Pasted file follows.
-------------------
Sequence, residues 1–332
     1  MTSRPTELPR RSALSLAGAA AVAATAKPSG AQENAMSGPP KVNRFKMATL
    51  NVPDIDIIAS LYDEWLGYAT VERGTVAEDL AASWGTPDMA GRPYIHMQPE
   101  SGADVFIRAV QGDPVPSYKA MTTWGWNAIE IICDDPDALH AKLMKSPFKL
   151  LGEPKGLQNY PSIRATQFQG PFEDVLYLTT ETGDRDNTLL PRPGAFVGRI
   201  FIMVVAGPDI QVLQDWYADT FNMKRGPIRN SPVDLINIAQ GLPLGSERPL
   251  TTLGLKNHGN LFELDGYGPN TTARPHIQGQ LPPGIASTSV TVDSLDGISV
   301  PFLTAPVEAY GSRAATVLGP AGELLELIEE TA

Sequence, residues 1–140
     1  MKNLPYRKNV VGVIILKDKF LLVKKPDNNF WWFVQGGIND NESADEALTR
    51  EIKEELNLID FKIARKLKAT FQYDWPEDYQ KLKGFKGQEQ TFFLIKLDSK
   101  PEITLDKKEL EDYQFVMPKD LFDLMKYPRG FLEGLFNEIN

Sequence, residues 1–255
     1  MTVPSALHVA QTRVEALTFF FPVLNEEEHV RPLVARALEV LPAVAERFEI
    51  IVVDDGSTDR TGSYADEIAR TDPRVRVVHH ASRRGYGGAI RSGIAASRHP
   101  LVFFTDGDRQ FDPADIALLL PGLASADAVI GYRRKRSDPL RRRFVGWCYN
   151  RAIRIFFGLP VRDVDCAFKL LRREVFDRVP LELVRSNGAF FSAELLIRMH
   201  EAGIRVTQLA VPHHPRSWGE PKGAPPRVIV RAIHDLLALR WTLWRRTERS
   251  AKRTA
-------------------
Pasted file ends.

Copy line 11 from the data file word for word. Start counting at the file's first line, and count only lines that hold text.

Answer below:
    51  EIKEELNLID FKIARKLKAT FQYDWPEDYQ KLKGFKGQEQ TFFLIKLDSK